Lawmakers protest Polish president’s anti-LGBTQ views by forming rainbow at his swearing-in

Erin Donnelly
·4 mins read

In the U.S., some female lawmakers have used suffragette-inspired white suits and, for the vote on articles of impeachment against President Donald Trump in December, dark, somber outfits to make a political statement. In Poland, however, left-wing members of parliament (MPs) are using bright, bold colors to take a stand.

Thursday saw the second swearing-in of Polish President Andrzej Duda, who was re-elected last month and will serve another five-year term; Aug. 6 also marks the five-year anniversary of Duda first assuming office as president, in 2015. The ceremony in Warsaw comes just two months after the conservative leader caused controversy pledging to bar gay couples from getting married or adopting children. He also opposes the teaching of LGBTQ issues in school, and has said that the LGBTQ community “are not people” but an “ideology” he deems “more destructive” than communism. Just days before being re-elected in a runoff race, Duda, an ally of Poland’s Law and Justice Party (PiS), called for a constitutional amendment formally banning gay couples from adopting children, saying, “I am convinced that, thanks to this, children's safety and concern for the good of children will be ensured to a much greater extent.”

Polish President Andrzej Duda (pictured second from the left, with wife Agata) was confronted by left-wing parliamentarians taking a colorful stand for LGBTQ rights. (Photo: WOJTEK RADWANSKI/AFP via Getty Images)
Polish President Andrzej Duda (pictured second from the left, with wife Agata) was confronted by left-wing parliamentarians taking a colorful stand for LGBTQ rights. (Photo: WOJTEK RADWANSKI/AFP via Getty Images)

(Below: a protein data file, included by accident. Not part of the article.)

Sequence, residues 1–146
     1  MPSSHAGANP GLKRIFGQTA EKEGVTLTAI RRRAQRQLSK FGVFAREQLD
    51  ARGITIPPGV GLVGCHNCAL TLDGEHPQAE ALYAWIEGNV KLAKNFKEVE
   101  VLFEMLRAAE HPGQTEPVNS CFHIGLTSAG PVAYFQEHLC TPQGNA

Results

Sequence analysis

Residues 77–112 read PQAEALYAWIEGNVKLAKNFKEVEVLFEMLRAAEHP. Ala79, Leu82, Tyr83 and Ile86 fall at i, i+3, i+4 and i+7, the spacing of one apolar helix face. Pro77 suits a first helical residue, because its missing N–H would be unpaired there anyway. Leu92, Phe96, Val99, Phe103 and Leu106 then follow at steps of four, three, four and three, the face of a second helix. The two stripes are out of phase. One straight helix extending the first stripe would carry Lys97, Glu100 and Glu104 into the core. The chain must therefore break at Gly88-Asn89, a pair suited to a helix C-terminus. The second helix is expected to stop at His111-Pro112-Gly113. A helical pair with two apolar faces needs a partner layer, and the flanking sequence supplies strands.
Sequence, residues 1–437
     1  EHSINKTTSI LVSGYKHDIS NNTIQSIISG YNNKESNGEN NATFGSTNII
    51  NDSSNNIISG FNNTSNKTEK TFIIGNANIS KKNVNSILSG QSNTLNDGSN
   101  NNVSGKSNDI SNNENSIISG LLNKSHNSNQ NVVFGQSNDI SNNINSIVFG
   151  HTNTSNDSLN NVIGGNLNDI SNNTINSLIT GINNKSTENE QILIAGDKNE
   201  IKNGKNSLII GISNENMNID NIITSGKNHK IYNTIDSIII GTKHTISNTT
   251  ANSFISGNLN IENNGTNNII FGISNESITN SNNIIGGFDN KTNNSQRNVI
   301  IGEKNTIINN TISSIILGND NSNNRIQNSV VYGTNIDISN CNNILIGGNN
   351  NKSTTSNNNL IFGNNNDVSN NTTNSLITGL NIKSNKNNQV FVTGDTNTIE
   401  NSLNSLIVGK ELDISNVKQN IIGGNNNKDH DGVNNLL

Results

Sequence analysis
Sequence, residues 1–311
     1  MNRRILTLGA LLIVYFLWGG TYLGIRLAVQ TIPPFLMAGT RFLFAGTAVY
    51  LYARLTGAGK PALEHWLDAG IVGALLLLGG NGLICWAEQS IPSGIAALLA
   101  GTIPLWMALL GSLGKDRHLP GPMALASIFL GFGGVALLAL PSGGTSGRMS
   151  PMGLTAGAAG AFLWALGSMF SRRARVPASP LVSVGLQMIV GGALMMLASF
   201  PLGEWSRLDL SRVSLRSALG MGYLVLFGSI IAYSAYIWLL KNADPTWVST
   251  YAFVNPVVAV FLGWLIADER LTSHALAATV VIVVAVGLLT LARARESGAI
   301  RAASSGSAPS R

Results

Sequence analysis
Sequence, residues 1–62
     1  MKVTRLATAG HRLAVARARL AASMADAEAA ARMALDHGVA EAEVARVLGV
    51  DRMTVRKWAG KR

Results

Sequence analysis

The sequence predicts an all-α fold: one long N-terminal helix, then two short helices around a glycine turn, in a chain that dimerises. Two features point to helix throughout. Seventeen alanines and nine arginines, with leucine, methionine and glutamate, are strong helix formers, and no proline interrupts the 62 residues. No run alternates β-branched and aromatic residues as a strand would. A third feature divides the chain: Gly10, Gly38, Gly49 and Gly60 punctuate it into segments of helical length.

While Poland has been declared, per a 2020 survey from the International Lesbian, Gay, Bisexual, Trans and Intersex Association (ILGA), the worst country in the European Union for gay rights — indeed, Duda’s more centrist rival also opposed adoption by gay couples — not everyone shares those views. On Thursday, a group of MPs let Duda know exactly how they felt about his homophobic positions by wearing rainbow face masks and outfits representing the colors of the rainbow, defiantly posing outside the Polish parliament building in a show of solidarity for the LGBTQ community and the rainbow pride flag. (While predominantly women, the group included one male MP, Maciej Kopiec, who sported a bright orange blazer over his dark suit.)

The lawmakers took a sartorial stand against Duda's conservative views on the LGBTQ community. (Photo: WOJTEK RADWANSKI/AFP via Getty Images)
The lawmakers took a sartorial stand against Duda's conservative views on the LGBTQ community. (Photo: WOJTEK RADWANSKI/AFP via Getty Images)

“We wanted to remind President Andrzej Duda that ... in the constitution there is a guarantee of equality for all,” Left MP Anna-Maria Żukowska said, per the New York Times, adding that Duda’s campaign had “dehumanized LGBT people by denying them the right to be people."

The Globe Post reports that MPs decided wearing the bright colors — and posing in a rainbow arrangement, so as not to be cropped out in press images of the event — was a more productive form of protest than boycotting the swearing-in ceremony.

“Instead, we have decided to symbolically demonstrate our solidarity with people who live month by month in an atmosphere of increasing fear and insecurity in their own country,” a statement from the group, who also posed with gay pride flags, reads.

President Duda (pictured on Aug. 3) was re-elected to a second five-year term last month. (Photo: Beata Zawrzel/NurPhoto via Getty Images)
President Duda (pictured on Aug. 3) was re-elected to a second five-year term last month. (Photo: Beata Zawrzel/NurPhoto via Getty Images)

MP Wanda Nowicka, who wore a purple dress for the ceremony, also presented Duda with a letter demanding an end to his discriminatory campaign against LGBTQ people.

Along with Żukowska, Nowicka and Kopiec, the group featured MPs Katarzyna Kretkowska, Monika Falej, Beata Maciejewska, Anita Sowińska, Malgorzata Prokop, Katarzyna Ueberhan, Agnieszka Ewa Dziemianowicz-Bąk and Joanka Scheuring-Wielgus.

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